• Nidhi company
  • Trading in Transferable Development Rights (TDRs)
  • Real Estate Business or Construction of Farm Houses ‘Real estate business’ shall not include development of townships, construction of residential /commercial premises, roads or bridges and Real Estate Investment Trusts (REITs) registered and regulated under the SEBI (REITs) Regulations 2014.
  • Manufacturing of cigars, cheroots, cigarillos and cigarettes, of tobacco or of tobacco substitutes
  • Activities/sectors not open to private sector investment e.g.(I) Atomic Energy and (II) Railway operations (other than permitted activities mentioned in para 5.2).
  • Foreign technology collaboration in any form including licensing for franchise, trademark, brand name, management contract is also prohibited for Lottery Business.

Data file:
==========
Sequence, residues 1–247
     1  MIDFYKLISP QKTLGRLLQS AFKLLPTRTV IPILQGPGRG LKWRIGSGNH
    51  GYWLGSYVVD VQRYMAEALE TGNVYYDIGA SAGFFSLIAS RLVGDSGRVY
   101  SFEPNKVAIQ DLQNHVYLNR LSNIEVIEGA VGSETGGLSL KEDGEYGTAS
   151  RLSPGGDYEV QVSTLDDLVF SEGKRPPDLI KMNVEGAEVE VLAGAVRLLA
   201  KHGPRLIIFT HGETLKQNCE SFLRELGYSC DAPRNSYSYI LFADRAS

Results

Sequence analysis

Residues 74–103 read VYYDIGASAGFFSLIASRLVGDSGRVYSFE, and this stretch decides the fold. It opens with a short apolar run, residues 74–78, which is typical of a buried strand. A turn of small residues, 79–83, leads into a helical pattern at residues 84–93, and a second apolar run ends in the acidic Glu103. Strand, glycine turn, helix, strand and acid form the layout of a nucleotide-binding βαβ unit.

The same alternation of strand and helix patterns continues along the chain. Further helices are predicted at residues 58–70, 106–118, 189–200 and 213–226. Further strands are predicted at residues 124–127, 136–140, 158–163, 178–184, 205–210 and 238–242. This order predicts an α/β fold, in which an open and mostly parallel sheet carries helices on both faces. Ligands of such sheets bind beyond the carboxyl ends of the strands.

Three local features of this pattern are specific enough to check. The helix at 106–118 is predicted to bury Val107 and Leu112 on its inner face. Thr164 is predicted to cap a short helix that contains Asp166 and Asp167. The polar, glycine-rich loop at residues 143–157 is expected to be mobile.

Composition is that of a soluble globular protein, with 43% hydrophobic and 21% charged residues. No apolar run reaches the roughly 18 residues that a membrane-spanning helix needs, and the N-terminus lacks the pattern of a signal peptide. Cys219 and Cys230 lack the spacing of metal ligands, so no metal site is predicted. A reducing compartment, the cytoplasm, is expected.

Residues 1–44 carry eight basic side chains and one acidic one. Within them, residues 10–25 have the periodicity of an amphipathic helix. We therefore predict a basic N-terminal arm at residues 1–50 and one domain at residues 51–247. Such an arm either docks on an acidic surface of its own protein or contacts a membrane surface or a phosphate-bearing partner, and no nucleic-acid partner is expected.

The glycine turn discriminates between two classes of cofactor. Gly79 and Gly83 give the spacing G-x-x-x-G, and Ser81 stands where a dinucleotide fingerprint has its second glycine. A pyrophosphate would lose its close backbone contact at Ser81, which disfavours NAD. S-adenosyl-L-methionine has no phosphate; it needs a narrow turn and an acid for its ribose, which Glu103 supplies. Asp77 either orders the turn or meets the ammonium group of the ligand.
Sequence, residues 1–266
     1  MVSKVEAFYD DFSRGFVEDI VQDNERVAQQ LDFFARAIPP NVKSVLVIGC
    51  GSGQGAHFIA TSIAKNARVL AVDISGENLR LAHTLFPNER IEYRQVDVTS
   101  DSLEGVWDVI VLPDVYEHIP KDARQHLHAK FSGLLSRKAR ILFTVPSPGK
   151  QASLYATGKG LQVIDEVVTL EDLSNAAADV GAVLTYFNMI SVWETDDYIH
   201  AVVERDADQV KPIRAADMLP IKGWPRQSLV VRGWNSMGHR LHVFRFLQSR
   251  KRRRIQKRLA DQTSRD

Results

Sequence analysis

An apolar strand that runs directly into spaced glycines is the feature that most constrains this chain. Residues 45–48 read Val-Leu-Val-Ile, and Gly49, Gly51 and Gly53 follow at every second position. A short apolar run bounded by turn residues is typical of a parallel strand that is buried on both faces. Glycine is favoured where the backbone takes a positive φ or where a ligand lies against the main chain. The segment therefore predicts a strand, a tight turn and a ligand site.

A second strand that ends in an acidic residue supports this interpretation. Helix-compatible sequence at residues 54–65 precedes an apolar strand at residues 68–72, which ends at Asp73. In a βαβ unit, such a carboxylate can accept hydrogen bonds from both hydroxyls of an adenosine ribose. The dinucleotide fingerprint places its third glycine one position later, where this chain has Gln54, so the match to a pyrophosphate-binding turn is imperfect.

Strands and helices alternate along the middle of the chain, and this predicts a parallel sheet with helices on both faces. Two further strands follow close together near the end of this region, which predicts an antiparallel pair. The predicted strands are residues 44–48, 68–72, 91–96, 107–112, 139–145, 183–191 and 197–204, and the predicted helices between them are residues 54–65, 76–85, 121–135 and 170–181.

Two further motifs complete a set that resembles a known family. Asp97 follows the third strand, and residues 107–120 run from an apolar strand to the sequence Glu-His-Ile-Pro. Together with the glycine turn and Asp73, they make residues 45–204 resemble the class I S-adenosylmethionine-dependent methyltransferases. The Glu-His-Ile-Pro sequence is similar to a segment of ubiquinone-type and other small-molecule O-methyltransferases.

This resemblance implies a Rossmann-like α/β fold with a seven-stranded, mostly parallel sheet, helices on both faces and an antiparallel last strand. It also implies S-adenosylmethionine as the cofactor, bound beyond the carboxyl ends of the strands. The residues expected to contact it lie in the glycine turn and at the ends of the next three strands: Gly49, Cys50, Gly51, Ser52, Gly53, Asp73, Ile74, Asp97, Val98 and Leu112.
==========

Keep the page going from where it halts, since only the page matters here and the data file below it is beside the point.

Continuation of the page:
• Foreign technology collaboration in any form including licensing for franchise, trademark, brand name, management contract is also prohibited for Lottery Business and Gambling and Betting activities.

Permitted Sectors

  • In the following sectors/activities, FDI up to the limit indicated against each sector/activity is allowed, subject to applicable laws/regulations; security and other conditionalities. In sectors/activities not listed below, FDI is permitted up to100% on the automatic route, subject to applicable laws/regulations; security and other conditionalities. Wherever there is a requirement of minimum capitalization, it shall include share premium received along with the face value of the share, only when it is received by the company upon issue of the shares to the non-resident investor. Amount paid by the transferee during post-issue transfer of shares beyond the issue price of the share, cannot be taken into account while calculating minimum capitalization requirement.